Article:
The closest Domino’s Pizza store is not so close — 33.8 miles from my home, to be exact. But if consumers talk with their dollars, I think it just might be worth the trip this weekend.
For a long time, the shrewd Humane Society of the United States has targeted shareholders as one of its tactics to forcing a company to embrace HSUS stands. At Domino’s annual shareholders’ meeting April 25, HSUS challenged the pizza chain’s source of pork, saying the company supports “extreme confinement of pigs.”
“Domino’s allows its suppliers to confine pigs in crates so small they can’t even turn around for nearly their entire lives,” said Kristie Middleton, food policy manager for HSUS, in a prepared news statement.
HSUS bought stock in Domino’s in 2010, according to one published report.
Previously, HSUS submitted a shareholder resolution asking the company to report on the feasibility of getting pork only from producers who don’t use gestation crates.
According to the digital media company annarbor.com, 80 percent of Domino’s shareholders rejected the resolution, and only 4 percent voted for it (remaining shareholders abstained).
In its proxy report, the Domino’s board recommended voting against the proposal, saying, “We rely on established industry experts and the USDA to determine best practices in this area, and will continue to do so.”
The statement did note that the largest of its pork suppliers purchases pork only from farms that meet the National Pork Board’s Quality Assurance Plus program guidelines for both food safety and animal well-bring.
“According to published studies,” the proxy statement continues, “the most important factor to the animal is the individual care given to each animal and the caretaker’s management and husbandry skills, regardless of the system used.”
Here’s the thing: Yes, stall systems restrict movement, but as the American Veterinary Medical Association says, group housing allows “aggressive and competitive behaviors that could be detrimental to individual sows.” Bottom line is we need to take a close look at sow housing systems, support research, and then be willing to switch management practices, if we find a system that is better for the animals.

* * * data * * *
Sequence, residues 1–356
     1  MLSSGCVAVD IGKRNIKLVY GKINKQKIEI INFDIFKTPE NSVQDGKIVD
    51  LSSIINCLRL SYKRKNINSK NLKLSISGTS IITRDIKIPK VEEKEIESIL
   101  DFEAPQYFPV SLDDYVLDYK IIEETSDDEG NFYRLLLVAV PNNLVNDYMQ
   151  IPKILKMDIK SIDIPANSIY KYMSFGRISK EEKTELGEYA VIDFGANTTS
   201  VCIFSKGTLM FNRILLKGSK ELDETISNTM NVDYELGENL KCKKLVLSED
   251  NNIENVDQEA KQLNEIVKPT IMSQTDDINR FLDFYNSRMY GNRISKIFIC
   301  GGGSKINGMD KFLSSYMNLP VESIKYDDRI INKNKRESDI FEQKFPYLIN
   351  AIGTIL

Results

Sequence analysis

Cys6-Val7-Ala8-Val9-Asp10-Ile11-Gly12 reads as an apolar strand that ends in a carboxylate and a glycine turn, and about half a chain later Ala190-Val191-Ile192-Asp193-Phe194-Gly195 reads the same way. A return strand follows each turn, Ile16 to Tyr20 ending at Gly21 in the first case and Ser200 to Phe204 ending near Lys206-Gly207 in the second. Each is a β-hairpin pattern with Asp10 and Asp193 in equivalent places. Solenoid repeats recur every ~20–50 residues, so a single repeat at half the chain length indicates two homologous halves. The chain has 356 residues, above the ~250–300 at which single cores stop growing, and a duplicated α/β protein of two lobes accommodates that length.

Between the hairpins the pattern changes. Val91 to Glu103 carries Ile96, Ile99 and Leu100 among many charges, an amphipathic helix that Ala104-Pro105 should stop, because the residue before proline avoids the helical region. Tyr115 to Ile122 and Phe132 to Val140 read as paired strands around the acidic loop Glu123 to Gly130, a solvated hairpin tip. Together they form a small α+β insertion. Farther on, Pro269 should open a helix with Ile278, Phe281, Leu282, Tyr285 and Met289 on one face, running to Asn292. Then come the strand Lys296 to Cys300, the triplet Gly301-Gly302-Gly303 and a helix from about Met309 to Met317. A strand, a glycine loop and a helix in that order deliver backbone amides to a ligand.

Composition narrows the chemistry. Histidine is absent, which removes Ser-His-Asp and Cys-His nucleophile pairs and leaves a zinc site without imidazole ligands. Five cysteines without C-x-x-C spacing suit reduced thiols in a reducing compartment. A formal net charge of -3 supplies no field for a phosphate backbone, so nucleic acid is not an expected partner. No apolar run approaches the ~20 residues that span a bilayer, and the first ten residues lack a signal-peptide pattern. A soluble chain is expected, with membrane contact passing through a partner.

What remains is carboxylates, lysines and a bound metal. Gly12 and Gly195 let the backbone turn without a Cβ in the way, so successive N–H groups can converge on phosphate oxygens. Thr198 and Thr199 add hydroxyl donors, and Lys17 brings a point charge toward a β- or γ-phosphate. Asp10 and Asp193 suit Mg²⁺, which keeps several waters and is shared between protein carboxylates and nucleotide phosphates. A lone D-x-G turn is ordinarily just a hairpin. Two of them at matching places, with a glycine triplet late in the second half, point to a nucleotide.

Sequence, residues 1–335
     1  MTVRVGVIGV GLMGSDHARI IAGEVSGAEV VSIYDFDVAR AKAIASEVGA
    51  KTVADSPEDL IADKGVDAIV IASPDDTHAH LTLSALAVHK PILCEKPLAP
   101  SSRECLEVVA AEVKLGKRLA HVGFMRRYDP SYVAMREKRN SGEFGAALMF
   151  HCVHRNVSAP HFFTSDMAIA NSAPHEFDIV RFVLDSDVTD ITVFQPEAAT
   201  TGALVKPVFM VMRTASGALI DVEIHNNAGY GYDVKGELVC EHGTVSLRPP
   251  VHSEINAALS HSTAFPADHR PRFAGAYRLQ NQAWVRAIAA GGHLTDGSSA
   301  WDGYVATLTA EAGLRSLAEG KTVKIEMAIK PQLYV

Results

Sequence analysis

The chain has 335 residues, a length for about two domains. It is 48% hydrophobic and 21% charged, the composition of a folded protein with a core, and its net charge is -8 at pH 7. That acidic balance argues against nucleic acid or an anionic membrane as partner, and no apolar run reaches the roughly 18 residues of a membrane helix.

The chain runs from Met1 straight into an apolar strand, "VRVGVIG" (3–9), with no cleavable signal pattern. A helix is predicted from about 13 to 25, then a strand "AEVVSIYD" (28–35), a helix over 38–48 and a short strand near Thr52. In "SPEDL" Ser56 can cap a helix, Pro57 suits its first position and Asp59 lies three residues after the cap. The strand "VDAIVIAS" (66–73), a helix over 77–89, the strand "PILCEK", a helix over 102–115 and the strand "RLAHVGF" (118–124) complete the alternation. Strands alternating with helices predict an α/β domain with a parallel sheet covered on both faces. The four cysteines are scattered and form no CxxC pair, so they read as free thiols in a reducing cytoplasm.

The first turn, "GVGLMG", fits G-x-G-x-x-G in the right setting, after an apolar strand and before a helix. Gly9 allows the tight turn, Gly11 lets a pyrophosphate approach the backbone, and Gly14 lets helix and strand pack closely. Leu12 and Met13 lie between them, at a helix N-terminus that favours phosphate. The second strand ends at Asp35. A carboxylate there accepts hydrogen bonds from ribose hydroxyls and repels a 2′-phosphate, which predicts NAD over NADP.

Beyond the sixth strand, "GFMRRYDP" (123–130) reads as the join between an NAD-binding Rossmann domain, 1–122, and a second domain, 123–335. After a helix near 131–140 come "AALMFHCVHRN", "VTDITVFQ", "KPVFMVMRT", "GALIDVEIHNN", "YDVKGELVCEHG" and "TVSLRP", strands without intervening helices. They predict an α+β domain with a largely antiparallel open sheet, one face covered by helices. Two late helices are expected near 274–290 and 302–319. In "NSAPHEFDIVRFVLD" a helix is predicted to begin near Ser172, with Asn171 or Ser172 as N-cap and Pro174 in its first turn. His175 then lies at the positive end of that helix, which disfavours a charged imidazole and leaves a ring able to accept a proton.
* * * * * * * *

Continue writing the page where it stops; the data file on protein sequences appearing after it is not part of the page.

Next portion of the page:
Regardless of opinions on sow housing, what this example really illustrates is the smooth strategy that HSUS employs to promote its vegan and vegetarian philosophy. They are smart. They know how to influence corporations and whip up publicity, all in the name of animal welfare, when all they really want to do to end meat production, period.
Agriculture needs to remain vigilant and tell its story in all arenas, too. We need to take some pages from the HSUS playbook.
And we need to speak up with our dollars. That’s why it’s worth my 30-mile trip to buy a Domino’s pizza this weekend.
If you’re in east-central Ohio, there’s one in Warren, Ravenna, Garrettsville, Kent, Canton, Toronto, Streetsboro. Nearby in Pennsylvania, there’s a Domino’s Pizza in New Castle, Sharon, Ellwood City. In other areas, you can visit www.dominos.com and find the pizzeria closest to you.
Go buy a pizza or two or three, and leave a note for the manager or store owner, saying you appreciate their support of science-based decisions regarding animal care and husbandry. (Visit this column online, and we’ll have a link to a .pdf thank-you flier that you can print out and take with you.)
If you’re on Facebook, there’s a public event you can also join to indicate your support (search for “Ag Pizza Party,” or “The Truth About Agriculture”). And it wouldn’t hurt to voice your support on Domino’s Facebook page, either.
And continue your support, because HSUS has said it will be back in front of shareholders again next year.
By Susan Crowell
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